In 2007, Humanist Perspectives was able to offer some help. We featured an extensive and critical review of Latimer’s first Parole Board hearing, an event which led to the shocking refusal of his application for day parole after serving seven years in prison – already seven times longer than his jury had recommended. Our coverage reached the attention of the BC Civil Liberties Association, where lawyer Jason Gratl undertook an appeal, at his own expense. Although appeals of Parole Boards’ decisions are rarely successful, Gratl’s powerful brief was decisive and Latimer was finally given his day parole.

The case has been extensively covered in the press and continues to be so whenever some new issue arises, such as Latimer’s recent appeal for either a new trial or a pardon. But one big obstacle to showing him any sort of mercy has been a dogged band of critics who publicly attack Latimer whenever and for whatever reason he surfaces. While often misguided and misinformed, and sometimes cruelly vitriolic, this criticism does not go unnoticed by politicians and government officials. That may be why Latimer’s long search for some sort of exoneration has been a struggle at every turn.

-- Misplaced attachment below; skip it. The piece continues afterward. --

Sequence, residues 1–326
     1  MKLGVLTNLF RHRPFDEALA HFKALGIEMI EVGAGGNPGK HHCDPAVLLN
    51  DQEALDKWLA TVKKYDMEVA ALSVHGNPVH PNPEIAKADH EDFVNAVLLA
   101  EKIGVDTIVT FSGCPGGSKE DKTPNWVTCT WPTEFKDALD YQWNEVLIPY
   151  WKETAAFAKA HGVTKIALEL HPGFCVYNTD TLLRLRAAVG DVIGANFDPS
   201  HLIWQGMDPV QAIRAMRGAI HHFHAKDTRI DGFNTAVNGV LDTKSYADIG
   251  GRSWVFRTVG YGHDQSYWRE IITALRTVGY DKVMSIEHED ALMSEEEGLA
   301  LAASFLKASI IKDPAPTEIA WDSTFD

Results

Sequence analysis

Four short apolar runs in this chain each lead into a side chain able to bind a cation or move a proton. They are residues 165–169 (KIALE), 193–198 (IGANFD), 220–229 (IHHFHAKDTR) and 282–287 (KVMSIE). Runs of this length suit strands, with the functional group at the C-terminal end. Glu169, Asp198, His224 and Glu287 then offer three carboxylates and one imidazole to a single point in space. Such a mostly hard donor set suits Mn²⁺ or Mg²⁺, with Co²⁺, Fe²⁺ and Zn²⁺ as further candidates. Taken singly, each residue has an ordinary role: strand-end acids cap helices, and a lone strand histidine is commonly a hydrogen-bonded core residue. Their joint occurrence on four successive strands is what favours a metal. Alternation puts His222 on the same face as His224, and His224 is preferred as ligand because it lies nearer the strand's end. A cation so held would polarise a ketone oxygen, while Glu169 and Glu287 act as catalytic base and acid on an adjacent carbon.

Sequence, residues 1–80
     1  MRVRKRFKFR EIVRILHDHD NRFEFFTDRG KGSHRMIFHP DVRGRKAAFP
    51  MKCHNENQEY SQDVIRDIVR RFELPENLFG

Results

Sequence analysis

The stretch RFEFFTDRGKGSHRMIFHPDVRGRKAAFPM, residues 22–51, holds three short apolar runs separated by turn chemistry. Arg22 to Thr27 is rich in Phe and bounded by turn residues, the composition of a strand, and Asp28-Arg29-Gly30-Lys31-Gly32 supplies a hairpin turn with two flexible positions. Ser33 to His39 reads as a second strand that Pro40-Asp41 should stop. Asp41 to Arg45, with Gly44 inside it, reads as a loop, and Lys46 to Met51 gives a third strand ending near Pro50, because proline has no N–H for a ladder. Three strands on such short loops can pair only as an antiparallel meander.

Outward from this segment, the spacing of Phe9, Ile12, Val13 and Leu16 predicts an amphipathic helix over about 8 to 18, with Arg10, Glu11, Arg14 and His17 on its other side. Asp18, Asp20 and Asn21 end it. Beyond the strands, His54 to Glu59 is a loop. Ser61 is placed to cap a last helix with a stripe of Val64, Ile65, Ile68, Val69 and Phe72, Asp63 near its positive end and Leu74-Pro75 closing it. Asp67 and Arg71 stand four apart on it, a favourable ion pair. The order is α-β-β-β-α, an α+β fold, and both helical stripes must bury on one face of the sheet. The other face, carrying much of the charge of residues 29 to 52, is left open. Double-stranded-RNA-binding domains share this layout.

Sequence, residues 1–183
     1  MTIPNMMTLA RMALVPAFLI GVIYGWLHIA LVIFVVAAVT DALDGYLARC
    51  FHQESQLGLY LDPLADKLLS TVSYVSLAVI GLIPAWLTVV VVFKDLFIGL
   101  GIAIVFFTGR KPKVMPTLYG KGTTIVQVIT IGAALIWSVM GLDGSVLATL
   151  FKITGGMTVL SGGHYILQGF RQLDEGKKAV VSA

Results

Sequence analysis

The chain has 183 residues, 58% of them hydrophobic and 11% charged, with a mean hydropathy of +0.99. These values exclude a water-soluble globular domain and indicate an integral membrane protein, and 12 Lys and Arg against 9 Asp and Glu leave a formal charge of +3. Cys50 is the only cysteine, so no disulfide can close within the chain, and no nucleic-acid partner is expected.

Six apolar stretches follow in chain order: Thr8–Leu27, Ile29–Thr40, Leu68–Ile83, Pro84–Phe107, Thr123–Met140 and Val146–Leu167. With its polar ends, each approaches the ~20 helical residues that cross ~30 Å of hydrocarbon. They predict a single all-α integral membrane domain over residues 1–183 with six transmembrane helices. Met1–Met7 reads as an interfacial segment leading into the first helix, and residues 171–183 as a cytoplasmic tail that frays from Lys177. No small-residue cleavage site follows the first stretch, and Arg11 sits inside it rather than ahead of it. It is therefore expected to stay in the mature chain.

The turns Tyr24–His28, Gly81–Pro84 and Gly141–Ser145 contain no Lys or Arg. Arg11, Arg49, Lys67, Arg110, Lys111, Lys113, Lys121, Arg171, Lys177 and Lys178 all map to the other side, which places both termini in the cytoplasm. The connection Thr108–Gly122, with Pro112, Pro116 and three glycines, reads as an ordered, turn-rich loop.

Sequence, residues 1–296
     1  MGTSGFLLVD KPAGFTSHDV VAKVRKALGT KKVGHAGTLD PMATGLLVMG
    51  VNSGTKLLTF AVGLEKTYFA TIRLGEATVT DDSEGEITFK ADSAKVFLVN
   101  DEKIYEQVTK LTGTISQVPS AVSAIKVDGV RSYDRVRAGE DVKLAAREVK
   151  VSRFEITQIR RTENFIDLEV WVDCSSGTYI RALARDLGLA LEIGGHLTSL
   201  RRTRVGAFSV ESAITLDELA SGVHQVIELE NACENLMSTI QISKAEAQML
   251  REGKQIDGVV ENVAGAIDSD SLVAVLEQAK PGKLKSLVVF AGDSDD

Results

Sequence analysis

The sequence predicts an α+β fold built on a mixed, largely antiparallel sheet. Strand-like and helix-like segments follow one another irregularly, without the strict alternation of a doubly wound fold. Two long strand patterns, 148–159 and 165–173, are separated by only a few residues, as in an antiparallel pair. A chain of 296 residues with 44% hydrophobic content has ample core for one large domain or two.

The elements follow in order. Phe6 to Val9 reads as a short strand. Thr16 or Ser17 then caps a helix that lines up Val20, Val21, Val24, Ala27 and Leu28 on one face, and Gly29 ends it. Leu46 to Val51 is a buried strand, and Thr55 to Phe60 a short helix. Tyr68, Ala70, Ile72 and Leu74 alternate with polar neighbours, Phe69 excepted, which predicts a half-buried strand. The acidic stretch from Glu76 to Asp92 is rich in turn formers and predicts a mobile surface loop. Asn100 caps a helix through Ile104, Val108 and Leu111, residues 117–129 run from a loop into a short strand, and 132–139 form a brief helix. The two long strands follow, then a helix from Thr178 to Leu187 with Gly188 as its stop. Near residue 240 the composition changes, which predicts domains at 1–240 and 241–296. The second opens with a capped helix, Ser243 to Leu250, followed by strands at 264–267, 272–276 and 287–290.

The critics come mostly from two camps: certain religious groups who fervently believe in the doctrine that only God can end a life, and self-appointed defenders of the disabled. Such people are entitled to their beliefs, and to argue in support of them. But I am less sanguine about the false narratives that frequently accompany the criticism. Let us review some of the “alternative facts,” that have been cited by Latimer’s detractors:

  1. Latimer ended his daughter Tracy’s life because she was disabled. Recognizing what he did as an act of mercy would be “declaring open season on the disabled,” as explicitly stated by the prosecutor in Latimer’s first trial (and by many others).

    In fact, Latimer took the action he did because the little girl’s deteriorating physical condition caused her on-going severe pain which (for medical reasons) could not be adequately mitigated by painkillers. It was the extremity of her pain and the hopelessness and deteriorating nature of her condition that led Latimer to end his daughter’s life, after almost 12 years of dedicated and loving care given to her by both Robert and her mother, Laura. Tracy was severely disabled throughout her life, but Latimer only took action to end it when faced with an imminent corrective operation which seemed, to him, like yet another medically sanctioned torture and mutilation of his child.